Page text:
The two younger boys are still playing in the backyard. They now look at me when I call them, but ignore my voice and hand gestures as I wave at them. I am worthy of a place on the Olympic Charade team.

7:58:00 – The two older boys are now sitting in the car, arguing because one shut the door too hard. There is a permanent seating arrangement in the car: birth order numbers 1,3 and 4 cram in the backseat together and number 2 sits in the spacious passenger seat, even though he is the skinniest of the lot. This is because he and number 3 have a symbiotic relationship akin to petrol and flame. The only other seating option is to put one of them in the boot, but I am told this is illegal.

7:58:20 – The two younger boys are still in the backyard and are smiling at me as my voice climbs to a sopranic rant. They continue to play.

7:58:30 – I open the back door and tell them that if they don’t get into the car right now they will never see the inside of a packet of crisps or icecream wrapper again. They move faster than the speed of light and hurl themselves into the back seat, squashing number 1 in the process. Number 2 smiles smugly from the front seat.

7:58:40 – I ask if everyone has remembered their hats. Eight eyeballs stare blankly at me. I get out of the car, retrieve said hats from the garage shelf, mumble a quiet profanity, and throw the hats in the car.

7:58:50 – I start the engine. Number 4 is hitting number 1 because he doesn’t want his older brother to clip his seatbelt in. He wants to do it himself, but then gets frustrated because he can’t do it himself. Number 1 offers to help, which results in physical abuse from number 4 in the form of tiny, fisty punches.

7:59:00 – Number 3 has started to make the world’s most annoying sound – ‘eeeeeooooooo, eeeeeeeooooooooo, eeeeeeeeeeooooooooooo’ at approximately 97 decibels. Symbiotic relationship with number 2 kicks into action and we have lift off – a volcanic eruption from number 2 and a satisfied grin from number 3 as he continues his unmelodious  screech.

7:59:10 – I groan, inwardly and silently, so hard that my lungs deflate. I then allow myself to fondly reminisce about the days when leaving the garage was a easy as getting in the car, turning the engine on and reversing.

7:59:20 – An ear piercing scream  snaps me out of my daydream and back to reality. Number 4 has pinched number 1, who is now clutching his upper arm in pain. I tell number 4 that his behaviour  is not ok. He bursts into tears. We haven’t even reversed out of the garage yet and everything’s turned to hell already.

7:59:30 – I lose my shit.

7:59:55 – I continue to lose my shit.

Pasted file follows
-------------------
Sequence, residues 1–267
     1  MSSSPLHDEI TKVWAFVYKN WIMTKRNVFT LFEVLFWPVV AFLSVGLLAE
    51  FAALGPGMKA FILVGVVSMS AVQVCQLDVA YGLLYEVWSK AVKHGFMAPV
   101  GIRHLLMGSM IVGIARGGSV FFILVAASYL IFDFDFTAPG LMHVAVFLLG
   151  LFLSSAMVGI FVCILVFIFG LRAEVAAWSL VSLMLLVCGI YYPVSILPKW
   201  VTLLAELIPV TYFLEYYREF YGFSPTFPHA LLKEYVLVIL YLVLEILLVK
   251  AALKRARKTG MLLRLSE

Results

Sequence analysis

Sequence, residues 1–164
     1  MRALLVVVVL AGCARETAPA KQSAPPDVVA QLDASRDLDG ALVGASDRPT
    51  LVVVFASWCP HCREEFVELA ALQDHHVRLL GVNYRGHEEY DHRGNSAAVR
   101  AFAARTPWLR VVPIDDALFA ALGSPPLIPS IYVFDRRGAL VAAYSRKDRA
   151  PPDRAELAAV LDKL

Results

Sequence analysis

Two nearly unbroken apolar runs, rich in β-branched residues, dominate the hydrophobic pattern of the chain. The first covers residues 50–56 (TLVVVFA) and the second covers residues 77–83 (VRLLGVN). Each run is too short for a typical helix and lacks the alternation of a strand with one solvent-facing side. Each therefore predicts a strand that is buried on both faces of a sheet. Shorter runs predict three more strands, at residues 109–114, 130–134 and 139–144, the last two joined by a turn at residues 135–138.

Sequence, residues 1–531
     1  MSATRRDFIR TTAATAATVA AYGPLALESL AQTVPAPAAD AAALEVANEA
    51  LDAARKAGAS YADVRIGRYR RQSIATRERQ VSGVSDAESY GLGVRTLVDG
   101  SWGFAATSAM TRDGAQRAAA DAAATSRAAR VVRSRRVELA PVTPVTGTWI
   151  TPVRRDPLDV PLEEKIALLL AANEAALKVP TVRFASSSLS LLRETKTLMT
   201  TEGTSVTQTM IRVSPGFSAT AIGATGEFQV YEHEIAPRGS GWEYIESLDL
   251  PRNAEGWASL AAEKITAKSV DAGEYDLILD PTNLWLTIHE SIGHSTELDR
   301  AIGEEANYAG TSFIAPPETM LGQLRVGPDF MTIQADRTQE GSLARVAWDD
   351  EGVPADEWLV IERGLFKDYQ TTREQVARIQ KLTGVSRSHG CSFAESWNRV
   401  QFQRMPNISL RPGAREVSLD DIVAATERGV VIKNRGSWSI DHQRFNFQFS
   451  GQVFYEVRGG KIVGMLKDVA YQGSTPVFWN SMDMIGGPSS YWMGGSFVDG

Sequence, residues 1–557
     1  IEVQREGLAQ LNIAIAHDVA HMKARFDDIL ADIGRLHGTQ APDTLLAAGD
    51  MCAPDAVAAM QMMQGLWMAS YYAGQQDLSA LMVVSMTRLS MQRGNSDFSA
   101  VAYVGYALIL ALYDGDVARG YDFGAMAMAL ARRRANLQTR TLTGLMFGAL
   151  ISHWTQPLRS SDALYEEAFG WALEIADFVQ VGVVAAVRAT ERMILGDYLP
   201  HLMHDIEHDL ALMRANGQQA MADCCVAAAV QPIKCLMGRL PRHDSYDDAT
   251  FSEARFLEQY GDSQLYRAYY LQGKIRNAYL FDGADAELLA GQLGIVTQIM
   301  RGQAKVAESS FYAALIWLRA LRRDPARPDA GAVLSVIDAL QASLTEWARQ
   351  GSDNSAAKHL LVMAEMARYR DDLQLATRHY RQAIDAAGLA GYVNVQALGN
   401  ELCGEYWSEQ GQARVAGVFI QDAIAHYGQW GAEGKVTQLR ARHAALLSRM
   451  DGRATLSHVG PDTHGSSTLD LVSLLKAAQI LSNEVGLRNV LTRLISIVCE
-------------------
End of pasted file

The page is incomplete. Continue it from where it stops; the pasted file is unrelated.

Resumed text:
8:00:30 – I am still losing my shit.

8:00:45 – I have finished losing my shit. The car is filled with stunned silence.

8:01:00 – During the minute of losing my shit I have reversed out of the driveway and we are now only 2 minutes from school. The car is still filled with stunned silence.

8:01:30 – The guilt hormone is released from my endocrine system at the rate of an overflowing dam. I am the world’s worst mother. All I do is yell at my kids – just ask my neighbours, they’ll tell you. I don’t deserve kids.

8:01:45 – No, really. These kids are great. I’d give them the beating heart out of my chest if they needed it.  Look at them. They can’t help it – they’re kids for god’s sake! I’m the adult. It is not OK to lose my shit.

8:02:00 – I apologise for losing my shit, although I phrase it in kid-friendly terms.  I tell them how much I love them and that I don’t want to be a screaming mummy. If they would do as they were told and not fight with each other, we could all live happily ever after. They all nod. I smile, even though I know, without a doubt, that if I were to ask them to repeat what I had just said, no one would be able to do it.

8:02:30 – We are nearing the school gate and all chatting happily.

8:02:45 – We pull up in the car park and get ready to unpack the bags and walk into school. I am so thankful for the last 15 seconds of family happiness that I feel like a true earth mother. Maybe I am a better mother than I give myself credit for? After all, 15 seconds of no fighting, screeching, tears or punching is pretty good!

The Angel Mother…

She knew, from the very first moment she held him.  The small, helpless bundle she cradled so lovingly in her arms, the tiny little boy was so much more than a gift from above.  She’d waited, so long, and with such heartbreak for this moment, and it was even better than she’d ever imagined.

And now they were finally  together, she made the promise never to leave him. Not ever.